Famed British fund manager Anthony Bolton meets his China match
Anthony Bolton was a star fund manager in Britain but his investment trust over here has earned a paltry 2 per cent these last three years
Anthony Bolton's decision to stop managing Fidelity China Special Situations highlights the tough conditions foreign asset managers face in China, where even seasoned investors can fall prey to accounting fraud and dodgy companies, observers say.
"Many investors don't want to invest in China now," said one market participant. "Managers are under mounting pressure to generate decent performances. There have been liquidity outflows and bad returns - they have had nothing to bring to the table for years."
Bolton began running the investment trust in April 2010. He favoured small and medium-sized companies run by private individuals or families. That was the investment style he deployed when he transformed £10,000 in 1979 into £1.49 million by 2007 when running the Britain-focused Fidelity Special Situations fund.
He failed to repeat the miracle in China and his fund generated just 2.11 per cent in returns over the three years to May.
"Bolton was in the right sector, but he was in the wrong companies," said Morningstar analyst Zhao Hu. "Obviously, he had not discounted enough risk into his investments in those small, unproven Chinese firms."
According to Hu, the worst bets Bolton made were in small-cap consumer stocks, such as Japanese noodle maker Ajisen (China), personal health-care product maker BaWang International and children's apparel maker Boshiwa International.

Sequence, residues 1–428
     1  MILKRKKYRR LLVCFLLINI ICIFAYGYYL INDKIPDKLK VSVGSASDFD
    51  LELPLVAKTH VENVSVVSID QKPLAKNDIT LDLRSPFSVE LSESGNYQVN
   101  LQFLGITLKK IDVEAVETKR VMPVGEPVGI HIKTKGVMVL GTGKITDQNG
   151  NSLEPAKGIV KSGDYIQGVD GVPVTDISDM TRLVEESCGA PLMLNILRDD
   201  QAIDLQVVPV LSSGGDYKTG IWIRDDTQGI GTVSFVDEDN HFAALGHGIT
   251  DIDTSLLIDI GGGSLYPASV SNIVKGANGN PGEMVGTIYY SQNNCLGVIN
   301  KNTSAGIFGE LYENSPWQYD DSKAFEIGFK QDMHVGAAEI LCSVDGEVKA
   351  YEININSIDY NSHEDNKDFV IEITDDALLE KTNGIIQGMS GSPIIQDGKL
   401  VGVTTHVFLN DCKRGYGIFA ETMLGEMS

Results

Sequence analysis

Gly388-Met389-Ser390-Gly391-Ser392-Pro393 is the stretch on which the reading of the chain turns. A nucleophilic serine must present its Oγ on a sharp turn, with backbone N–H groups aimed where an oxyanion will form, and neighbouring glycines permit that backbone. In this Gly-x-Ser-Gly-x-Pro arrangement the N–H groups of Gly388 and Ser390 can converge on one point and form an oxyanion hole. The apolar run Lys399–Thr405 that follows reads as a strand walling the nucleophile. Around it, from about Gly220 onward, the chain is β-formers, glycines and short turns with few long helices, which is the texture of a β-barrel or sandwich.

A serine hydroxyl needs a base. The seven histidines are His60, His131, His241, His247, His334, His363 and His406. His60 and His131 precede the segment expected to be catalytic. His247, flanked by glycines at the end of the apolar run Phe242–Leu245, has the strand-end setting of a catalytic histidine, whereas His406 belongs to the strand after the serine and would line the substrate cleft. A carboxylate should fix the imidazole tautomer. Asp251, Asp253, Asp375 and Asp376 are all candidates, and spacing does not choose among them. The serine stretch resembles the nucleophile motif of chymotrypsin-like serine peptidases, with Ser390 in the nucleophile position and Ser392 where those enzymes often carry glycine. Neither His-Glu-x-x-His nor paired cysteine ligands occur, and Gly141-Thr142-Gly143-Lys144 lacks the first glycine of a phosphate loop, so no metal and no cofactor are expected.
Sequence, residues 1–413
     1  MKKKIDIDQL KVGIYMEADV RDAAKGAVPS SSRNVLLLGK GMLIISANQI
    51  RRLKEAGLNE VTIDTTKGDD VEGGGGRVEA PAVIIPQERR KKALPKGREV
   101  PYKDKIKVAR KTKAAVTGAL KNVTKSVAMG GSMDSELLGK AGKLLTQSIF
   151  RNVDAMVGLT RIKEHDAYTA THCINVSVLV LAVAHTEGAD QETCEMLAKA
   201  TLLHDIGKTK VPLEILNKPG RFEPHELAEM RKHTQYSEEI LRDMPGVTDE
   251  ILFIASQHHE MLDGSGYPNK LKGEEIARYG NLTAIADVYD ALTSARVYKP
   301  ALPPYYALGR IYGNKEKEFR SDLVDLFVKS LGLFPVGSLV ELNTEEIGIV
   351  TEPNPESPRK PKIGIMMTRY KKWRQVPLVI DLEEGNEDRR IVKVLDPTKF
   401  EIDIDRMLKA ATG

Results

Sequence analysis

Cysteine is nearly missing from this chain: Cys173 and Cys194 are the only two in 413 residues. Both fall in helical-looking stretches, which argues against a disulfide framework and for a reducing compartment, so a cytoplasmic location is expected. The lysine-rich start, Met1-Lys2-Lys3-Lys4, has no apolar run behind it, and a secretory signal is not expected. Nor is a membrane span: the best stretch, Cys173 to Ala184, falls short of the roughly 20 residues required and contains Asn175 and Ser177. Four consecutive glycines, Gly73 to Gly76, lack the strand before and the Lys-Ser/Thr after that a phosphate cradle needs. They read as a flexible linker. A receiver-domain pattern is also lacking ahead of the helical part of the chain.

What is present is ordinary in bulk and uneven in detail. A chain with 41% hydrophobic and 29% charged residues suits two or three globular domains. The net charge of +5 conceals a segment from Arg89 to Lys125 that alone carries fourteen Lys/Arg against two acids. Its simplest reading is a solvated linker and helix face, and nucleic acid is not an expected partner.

All three companies met with either accounting fraud or product-quality scandals in recent years.
Even Dale Nicholls, Bolton's successor to run the Fidelity China Special Situations investment trust, is not confident about the China market.
According to Lipper research analyst Kevin Pollard, Nicholls has been reducing his fund's exposure to the market.
Nicholls currently runs two Luxemburg-domiciled funds at Fidelity. The Pacific A fund, which invests in all Asia-Pacific equity markets, cut its weighting in Chinese equities to 21 per cent in March from 24 per cent in June 2010. In April, he cut the fund's weighting in Chinese equities to 18.9 per cent.
The withdrawal of Nicholls from the China market over the past few years helped his Pacific A fund rank eighth among the 81 funds accessible to British investors. It returned 38 per cent over the three years to May, according to Pollard.
By comparison, Bolton's Fidelity China Special Situations investment trust, with its 2 per cent return, ranked 73rd out of the 149 China-focused equity funds distributed in Britain.
The Shanghai Composite Index has fallen 34 per cent since 2010. It is down about 5 per cent this year so far.